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Saturday, December 22, 2007

NASA has delayed the launching of a mission to Mars by two years, to 2013

Mars Shot Is Put Off for 2 Years, NASA Says

NASA has delayed the launching of a mission to Mars by two years, to 2013, because of an undisclosed conflict of interest involved in one of two final proposals, officials said Friday.

Postponing the Mars Scout program mission means that the National Aeronautics and Space Administration will miss an opportunity to launch a flight to Mars for the first time in more than a decade, Doug McCuistion, director of the agency’s Mars Exploration Program, said at a news conference.

Mars and Earth only get close enough to efficiently launch explorations every 26 months.

After reducing 26 mission proposals to two, and entering an evaluation period this fall to select a winner, Mr. McCuistion said an unspecified conflict of interest arose concerning one proposal and the assessment group.

Resolving the conflict, the nature of which Mr. McCuistion said he could not discuss, required disbanding the review panel and forming a new one. This process, he said, in setting back a selection by at least four months, meant that keeping to the original launching date would put undue cost and schedule pressure on the winner.

“Delaying the next Scout mission is allowing the mission planning teams to re-plan their proposed missions,” he said. “It will also reduce the risk of cost overruns driven by the tight mission schedule.”

The teams, one at the University of Colorado and the other from the Southwest Research Institute branch in Boulder, Colo., have until August 2008 to submit their new proposals. NASA will make a final selection next December.

Both groups are proposing similar spacecraft to orbit Mars and study why the planet’s thin atmosphere is escaping into space. The five-year, $475 million mission is part of the Scout program to send missions with relatively modest costs to regularly explore Mars. Mr. McCuistion said the delay could add as much as $40 million to the cost of the mission.

In other news concerning Mars, NASA said Friday that a recently discovered asteroid that appeared on course to hit the planet would probably pass it within 30,000 miles. The asteroid, estimated to be about 164 feet wide and named 2007 WD5, should zoom by about 6 a.m. on Jan. 30, 2008, the announcement said.

Uncertainties about the asteroid’s orbit gives it a 1-in-75 chance of hitting Mars, scientists said. If it were to hit, it would strike at about 30,000 miles per hour and create a crater more than a half-mile wide.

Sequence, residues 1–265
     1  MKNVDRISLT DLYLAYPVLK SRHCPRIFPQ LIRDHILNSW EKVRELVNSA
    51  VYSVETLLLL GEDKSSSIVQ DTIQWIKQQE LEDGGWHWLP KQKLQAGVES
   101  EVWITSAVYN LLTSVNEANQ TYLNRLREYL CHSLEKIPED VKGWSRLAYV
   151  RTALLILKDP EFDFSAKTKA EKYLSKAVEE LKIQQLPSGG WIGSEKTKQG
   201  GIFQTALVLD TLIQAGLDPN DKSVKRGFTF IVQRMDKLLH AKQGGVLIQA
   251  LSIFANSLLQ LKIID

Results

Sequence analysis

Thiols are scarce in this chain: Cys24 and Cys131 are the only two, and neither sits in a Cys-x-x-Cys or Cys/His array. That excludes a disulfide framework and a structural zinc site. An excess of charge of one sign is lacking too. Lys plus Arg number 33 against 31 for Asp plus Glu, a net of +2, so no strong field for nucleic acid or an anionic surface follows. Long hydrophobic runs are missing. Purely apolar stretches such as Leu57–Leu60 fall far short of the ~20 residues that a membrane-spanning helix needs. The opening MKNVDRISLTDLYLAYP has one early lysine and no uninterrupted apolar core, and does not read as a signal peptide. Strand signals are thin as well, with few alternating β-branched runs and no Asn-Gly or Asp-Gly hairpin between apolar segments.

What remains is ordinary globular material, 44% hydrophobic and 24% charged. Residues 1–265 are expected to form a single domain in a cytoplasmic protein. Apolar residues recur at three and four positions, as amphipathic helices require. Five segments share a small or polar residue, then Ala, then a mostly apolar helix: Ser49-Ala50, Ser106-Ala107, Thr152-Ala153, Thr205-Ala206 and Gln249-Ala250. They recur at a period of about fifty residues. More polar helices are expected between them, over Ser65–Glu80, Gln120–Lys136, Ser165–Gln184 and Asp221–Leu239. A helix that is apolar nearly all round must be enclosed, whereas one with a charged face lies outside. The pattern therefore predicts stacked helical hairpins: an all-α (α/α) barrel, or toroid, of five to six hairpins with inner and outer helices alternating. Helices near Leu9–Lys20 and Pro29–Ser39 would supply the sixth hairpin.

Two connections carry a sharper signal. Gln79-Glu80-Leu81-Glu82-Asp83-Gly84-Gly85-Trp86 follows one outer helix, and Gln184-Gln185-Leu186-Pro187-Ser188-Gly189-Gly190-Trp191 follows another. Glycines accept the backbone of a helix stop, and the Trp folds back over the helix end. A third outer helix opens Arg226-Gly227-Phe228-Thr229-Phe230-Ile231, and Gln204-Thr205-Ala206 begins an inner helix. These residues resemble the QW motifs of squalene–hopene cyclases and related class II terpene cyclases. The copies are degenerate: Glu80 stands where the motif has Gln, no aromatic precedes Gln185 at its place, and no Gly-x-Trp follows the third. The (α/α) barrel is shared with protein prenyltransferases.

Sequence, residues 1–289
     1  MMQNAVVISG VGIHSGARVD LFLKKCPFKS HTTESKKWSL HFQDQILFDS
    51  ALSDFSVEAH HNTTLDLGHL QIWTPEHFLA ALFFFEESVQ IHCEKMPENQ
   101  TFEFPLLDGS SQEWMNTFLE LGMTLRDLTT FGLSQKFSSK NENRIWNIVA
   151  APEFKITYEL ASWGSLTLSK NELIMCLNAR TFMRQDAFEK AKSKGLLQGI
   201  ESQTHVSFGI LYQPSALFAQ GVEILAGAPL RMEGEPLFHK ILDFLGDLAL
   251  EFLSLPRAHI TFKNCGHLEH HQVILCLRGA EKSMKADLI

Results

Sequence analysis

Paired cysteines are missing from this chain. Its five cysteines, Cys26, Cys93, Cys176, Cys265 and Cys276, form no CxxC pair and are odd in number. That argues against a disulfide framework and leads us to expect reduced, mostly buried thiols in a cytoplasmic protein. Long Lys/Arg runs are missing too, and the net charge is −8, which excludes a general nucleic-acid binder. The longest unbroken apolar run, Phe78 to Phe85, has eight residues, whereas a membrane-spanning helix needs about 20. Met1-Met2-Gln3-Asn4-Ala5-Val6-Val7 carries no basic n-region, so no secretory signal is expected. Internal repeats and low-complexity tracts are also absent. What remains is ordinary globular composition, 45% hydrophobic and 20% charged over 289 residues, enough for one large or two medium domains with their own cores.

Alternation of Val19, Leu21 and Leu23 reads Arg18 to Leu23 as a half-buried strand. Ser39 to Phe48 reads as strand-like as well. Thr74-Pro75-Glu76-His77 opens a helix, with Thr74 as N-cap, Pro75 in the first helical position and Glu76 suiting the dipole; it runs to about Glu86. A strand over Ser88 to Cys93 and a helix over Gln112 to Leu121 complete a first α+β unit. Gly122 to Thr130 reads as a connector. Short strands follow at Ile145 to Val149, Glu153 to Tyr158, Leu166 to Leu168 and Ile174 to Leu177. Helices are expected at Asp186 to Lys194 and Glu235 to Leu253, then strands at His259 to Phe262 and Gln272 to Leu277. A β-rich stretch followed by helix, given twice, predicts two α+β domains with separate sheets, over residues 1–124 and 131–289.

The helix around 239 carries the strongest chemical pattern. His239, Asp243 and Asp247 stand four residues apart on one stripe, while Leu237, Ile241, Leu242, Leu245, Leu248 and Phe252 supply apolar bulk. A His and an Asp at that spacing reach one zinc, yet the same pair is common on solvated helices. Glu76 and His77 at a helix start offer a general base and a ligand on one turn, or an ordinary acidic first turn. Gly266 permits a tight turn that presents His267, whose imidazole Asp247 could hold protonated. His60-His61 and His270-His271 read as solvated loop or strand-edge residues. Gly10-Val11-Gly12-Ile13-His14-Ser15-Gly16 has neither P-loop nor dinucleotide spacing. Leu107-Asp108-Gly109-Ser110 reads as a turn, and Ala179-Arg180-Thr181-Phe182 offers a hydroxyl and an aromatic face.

Human Mars Mission Could Cost $450 BillionOn their way to Mars, the astronauts will grow their own fruit and vegetables, and once they arrive, they will spend 16 months there.
NASA has revealed details of its strategy to send a human crew to Mars in the next few decades.

NASA predicts that the crew will embark on a journey that will last 30 months, in a spacecraft that will weigh 400,000 kilograms.

NASA released all of its plans at a meeting in Houston. In January 2004, US president George W. Bush launched a program that would return people to the moon by 2020, and said that there are also plans to send people to Mars.

The ship that will travel to Mars will be assembled in earth orbit, and will use three or four Ares V rockets – new launch vehicles that NASA has been developing for quite some time.

The best strategy

The journey from Earth to Mars would last six to eight months, and the ship will be propelled by cryogenic fuel.

NASA estimates that the mission could cost up to 450 billion US dollars.

The details that the agency provided are subject to change, but scientists currently consider it the best strategy on placing humans on the surface of Mars.

The cargo carrier and “houses” for life on Mars will be sent separately, and will be launched before the crew that should land between December 2028 and January 2029.

Growing fruit and vegetables in the spacecraft

On their way to Mars, the astronauts will grow their own fruit and vegetables in the spacecraft, and one they arrive, they will spend 16 months on the red planet. They will use nuclear power for energy in their “homes”.

Getting extra supplies of food will be extremely limited, and the astronauts will have tools for basic repairs. The spacecraft will be equipped with special systems that will gather water and air in case the crew’s lives are in danger.

The plants that the crew will plant and care about, besides food, will have the purpose of contributing to its psychological health.

NASA still needs to think of a solution to protect the astronauts against strong cosmic radiation that they will be exposed to in deep space, as well as when they are on the surface of Mars.

The crew will have medical equipment in the case of sickness or injury, which will be tested on the moon beforehand, writes BBC.

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